UCLA In the News September 28, 2017

UCLA In the News lists selected mentions of UCLA in the world’s news media. See more UCLA In the News.

Earth had life from its infancy | The Atlantic

“The authors have done as many checks as they could for whether they are indeed analyzing 3.95-billion-year-old graphite rather than later contamination,” adds Elizabeth Bell, a geochemist from the University of California, Los Angeles. “They make a plausible case that the graphite is original.”

Facebook’s ad-targeting problem, captured in a literal shade of gray | New York Times

“What we’re actually talking about is all of the social issues one can think of — any social issue, social debate, social strife — being reproduced in this arena,” said Sarah T. Roberts, an assistant professor at the University of California, Los Angeles, who studies content moderation on digital platforms.

L.A.’s iconic Fatburger prepares for Wall Street | Los Angeles Times

“This used to be a deal-breaker most of the time,” said Gonzalo Freixes, an associate dean at UCLA who teaches taxes, business law and ethics. “I think there is a growing trend in society, both legally and culturally, to be more forgiving about past convictions.”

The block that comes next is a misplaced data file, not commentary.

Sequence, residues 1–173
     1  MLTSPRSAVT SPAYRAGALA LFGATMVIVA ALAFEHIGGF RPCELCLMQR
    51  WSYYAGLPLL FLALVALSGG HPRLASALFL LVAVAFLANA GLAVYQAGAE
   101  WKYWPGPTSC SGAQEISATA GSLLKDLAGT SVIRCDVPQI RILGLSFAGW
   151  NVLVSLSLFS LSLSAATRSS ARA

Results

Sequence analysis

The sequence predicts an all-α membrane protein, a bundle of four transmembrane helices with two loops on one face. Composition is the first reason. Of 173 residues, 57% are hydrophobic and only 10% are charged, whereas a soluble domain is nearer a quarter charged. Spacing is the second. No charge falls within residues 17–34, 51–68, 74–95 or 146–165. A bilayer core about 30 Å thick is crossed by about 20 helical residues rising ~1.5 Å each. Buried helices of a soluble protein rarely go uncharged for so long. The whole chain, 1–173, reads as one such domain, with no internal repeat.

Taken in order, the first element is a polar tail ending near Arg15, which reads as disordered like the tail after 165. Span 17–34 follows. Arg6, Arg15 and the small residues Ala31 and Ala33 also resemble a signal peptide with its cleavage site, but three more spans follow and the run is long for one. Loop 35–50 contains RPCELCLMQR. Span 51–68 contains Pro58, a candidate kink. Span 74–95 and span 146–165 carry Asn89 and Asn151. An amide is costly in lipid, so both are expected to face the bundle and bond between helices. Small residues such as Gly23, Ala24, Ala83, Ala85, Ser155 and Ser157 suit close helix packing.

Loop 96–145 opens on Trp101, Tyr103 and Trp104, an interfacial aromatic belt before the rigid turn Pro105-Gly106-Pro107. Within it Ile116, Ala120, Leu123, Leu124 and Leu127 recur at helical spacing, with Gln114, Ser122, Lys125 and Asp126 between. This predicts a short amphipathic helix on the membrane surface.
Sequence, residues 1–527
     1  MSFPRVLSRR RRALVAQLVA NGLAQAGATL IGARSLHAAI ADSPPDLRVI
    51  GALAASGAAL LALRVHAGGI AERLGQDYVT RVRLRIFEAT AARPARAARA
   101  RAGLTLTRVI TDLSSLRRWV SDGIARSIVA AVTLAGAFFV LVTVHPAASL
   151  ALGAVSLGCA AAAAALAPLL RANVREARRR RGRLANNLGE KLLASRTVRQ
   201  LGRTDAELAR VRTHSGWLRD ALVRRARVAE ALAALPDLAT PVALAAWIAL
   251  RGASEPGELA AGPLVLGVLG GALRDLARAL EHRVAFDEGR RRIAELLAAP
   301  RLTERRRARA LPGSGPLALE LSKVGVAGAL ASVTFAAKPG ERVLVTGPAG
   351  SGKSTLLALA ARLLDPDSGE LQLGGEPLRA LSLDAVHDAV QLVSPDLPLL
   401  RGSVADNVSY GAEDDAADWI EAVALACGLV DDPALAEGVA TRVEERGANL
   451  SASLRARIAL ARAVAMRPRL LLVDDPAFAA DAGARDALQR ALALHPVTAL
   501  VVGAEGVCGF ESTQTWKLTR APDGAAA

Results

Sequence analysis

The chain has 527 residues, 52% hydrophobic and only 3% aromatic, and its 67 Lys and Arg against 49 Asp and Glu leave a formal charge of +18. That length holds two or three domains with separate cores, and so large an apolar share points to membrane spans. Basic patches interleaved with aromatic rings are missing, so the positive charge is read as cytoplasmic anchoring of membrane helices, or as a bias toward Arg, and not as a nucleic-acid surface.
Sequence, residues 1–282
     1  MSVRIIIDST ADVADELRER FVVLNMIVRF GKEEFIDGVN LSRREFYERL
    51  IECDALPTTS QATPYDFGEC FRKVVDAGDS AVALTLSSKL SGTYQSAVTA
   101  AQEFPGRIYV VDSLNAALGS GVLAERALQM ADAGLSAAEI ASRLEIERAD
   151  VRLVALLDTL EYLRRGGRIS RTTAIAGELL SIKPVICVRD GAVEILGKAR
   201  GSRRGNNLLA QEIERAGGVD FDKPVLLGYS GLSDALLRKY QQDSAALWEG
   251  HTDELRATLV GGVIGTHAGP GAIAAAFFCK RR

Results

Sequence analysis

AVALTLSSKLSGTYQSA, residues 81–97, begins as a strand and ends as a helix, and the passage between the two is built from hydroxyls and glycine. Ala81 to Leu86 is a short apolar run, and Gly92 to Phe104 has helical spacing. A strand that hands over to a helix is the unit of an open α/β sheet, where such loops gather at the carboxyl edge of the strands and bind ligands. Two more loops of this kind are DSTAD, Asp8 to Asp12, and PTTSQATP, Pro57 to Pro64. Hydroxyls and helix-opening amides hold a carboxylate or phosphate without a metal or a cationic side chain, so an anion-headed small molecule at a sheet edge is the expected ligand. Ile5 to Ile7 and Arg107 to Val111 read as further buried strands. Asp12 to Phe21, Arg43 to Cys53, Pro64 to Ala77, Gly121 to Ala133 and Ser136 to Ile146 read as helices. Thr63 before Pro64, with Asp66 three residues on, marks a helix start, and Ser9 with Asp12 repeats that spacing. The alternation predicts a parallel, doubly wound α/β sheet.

Trump vows another healthcare vote next year, eyes executive order | Reuters

UCLA Professor Mark Peterson expressed doubt that insurance prices would be reduced by selling across state lines because insurers would still be subject to ACA regulations requiring coverage of hospital care, prescription drugs, pregnancy and childbirth needs and mental health services. “What drives cost of care is the cost of medical care. If I’m in California, which is an expensive medical care state and I buy my insurance from Delaware, which is not, I’m still going to doctors and hospitals that are very expensive and the insurance plan is either going to cover that or not,” he said.